Tips on staying motivated during the coronavirus pandemic - GulfToday

Tips on staying motivated during the coronavirus pandemic


Acting on what really matters to you is the antidote to burnout. TNS.

As the world continues to adjust to a 'new normal' situation brought on by the COVID-19 virus, finding motivation to carry out even the simplest of tasks is proving to be difficult for many.

What initially seemed like a much-required respite from the everyday grind is soon getting to the strongest of individuals who long to free from the shackles of coronavirus that bind them.

There remains no doubt that we have paid attention to long-neglected chores like ridding closets of clothes that no longer fit, reorganising drawers and emptying pantries and refrigerators of forgotten foodstuff.

Some of us have even emerged out of the pandemic channelizing our inner chefs and artists and dedicating more time to our dormant hobbies.

But as the weeks morph into months with no clear end in sight, the ennui of Covid-induced isolation can undermine enthusiasm for such activities, however rewarding they may seem.

For some, even working out can seem daunting when preferred activities like swimming or spin classes are no longer accessible.

But motivation can change that and it's all a matter of finding it.

When individuals engage in generous and altruistic behaviour, they activate circuits in the brain that foster wellbeing. TNS.

Daniel Goleman, a psychologist and author of "Emotional Intelligence" explains that there are two kinds of motivation: extrinsic and intrinsic.

Extrinsic motivation refers to acts done to receive an external reward or outcome like wealth, power or fame, or in some cases to avoid punishment.

Intrinsic motivation involves behaviours that are done for their own sake and are personally rewarding, like helping other people, participating in an enjoyable sport or studying a fascinating subject.

With intrinsic motivation, inspiration comes from within a person. It tends to be more forceful and the results more fulfilling.

“The stay-at-home edict has pushed so many of us into an external motivation mode that is making us face something that feels like lethargy and meaninglessness,” Goleman says.

“At the same time,” he adds, “It’s a ripe opportunity to think about what really matters to us.” He cites the inspiring outlook of legendary Austrian neurologist and psychiatrist Viktor E Frankl, who survived four years in Nazi concentration camps sustained by a deep sense of purpose.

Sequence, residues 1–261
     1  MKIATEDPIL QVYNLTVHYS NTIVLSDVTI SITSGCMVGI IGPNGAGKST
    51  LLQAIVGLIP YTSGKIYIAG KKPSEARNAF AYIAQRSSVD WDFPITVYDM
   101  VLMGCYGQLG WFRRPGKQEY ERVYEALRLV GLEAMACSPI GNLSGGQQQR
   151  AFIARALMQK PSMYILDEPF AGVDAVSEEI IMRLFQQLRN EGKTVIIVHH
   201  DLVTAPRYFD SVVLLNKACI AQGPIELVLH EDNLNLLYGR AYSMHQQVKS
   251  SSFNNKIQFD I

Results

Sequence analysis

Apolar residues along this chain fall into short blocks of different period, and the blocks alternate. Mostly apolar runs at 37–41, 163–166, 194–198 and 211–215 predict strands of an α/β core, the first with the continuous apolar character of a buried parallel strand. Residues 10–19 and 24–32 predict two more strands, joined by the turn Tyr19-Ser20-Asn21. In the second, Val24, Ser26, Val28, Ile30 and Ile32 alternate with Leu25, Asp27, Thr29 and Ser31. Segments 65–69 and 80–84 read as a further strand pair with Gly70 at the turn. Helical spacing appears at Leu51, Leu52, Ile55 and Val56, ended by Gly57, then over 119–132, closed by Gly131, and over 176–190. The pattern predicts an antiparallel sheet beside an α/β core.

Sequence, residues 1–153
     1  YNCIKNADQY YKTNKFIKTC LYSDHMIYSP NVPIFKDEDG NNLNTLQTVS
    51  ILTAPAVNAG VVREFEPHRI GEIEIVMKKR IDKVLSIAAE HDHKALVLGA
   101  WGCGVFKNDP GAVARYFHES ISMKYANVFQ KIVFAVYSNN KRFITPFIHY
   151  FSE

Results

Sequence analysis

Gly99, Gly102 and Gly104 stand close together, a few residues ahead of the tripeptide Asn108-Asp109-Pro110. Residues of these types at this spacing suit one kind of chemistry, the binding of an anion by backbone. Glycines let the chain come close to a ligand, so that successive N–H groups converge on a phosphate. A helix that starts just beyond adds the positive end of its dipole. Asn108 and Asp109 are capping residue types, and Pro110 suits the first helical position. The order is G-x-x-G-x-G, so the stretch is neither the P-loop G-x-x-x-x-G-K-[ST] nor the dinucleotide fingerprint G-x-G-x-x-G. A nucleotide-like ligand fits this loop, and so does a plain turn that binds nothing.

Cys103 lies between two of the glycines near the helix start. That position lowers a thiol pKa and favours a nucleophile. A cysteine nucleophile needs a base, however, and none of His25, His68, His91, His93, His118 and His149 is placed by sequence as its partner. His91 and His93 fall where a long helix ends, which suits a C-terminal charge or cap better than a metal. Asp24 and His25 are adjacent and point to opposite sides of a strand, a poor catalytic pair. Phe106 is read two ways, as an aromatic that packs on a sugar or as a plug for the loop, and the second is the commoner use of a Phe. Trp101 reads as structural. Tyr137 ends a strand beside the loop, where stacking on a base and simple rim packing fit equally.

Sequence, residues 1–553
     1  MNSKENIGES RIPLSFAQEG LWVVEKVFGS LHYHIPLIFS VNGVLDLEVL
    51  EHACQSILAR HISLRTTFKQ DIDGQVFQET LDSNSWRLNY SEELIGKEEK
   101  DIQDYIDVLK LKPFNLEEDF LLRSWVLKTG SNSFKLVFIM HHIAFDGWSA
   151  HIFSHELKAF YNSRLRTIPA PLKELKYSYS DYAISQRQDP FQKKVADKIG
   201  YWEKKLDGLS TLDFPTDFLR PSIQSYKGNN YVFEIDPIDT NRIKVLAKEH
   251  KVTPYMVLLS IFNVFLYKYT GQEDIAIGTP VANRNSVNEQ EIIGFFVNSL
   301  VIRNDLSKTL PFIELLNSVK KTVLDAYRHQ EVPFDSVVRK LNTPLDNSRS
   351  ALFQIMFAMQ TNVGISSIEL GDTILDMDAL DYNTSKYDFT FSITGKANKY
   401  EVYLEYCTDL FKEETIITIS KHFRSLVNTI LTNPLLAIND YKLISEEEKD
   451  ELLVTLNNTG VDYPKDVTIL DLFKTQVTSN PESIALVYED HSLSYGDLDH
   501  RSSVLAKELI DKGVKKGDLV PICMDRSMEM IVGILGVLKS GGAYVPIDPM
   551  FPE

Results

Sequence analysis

Frankl’s rediscovered masterpiece, "Yes to Life: In Spite of Everything," just published in English, offers a path to finding hope even in these dark times.

It urges people to reflect on what really matters to them and search for ways to act on what is most meaningful.

“Doing what’s meaningful — acting on what really matters to a person — is the antidote to burnout,” says Goleman, who wrote the introduction to Frankl’s book.

He suggests to those who are feeling bereft of motivation: “Face what’s happening. What does it mean to me? What really matters to me now? Is there a way I can act upon what’s meaningful to me?”

Dr Vivek H Murthy, former surgeon general of the United States and author of the recently published book "Together," explained this month on "The Brian Lehrer Show" on public radio: “Our fundamental worth is intrinsic. It’s based on kindness, compassion and generosity, the ability to give and receive love.

“Service to others has a powerful effect on how we feel about ourselves as well as on how it makes others feel. There are many opportunities to serve, to switch our focus from ourselves to others.”

Richard J Davidson, professor of psychology and neuroscientist at the Centre for Healthy Minds at the University of Wisconsin-Madison, has demonstrated that “when individuals engage in generous and altruistic behaviour, they actually activate circuits in the brain that are key to fostering wellbeing.”


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In other words, caring for other people can be its own reward.

So in essence what this means is that even more important than personal tasks, you should think about what you could do for other people within the constraints of social distancing or lockdown.

If you can, contribute money to efforts to get more food to people who don’t have enough to eat as well as to our essential workers or donate to a charity dealing with distribution of PPE equipment.

This small act of kindness could be just the motivation you are seeking.

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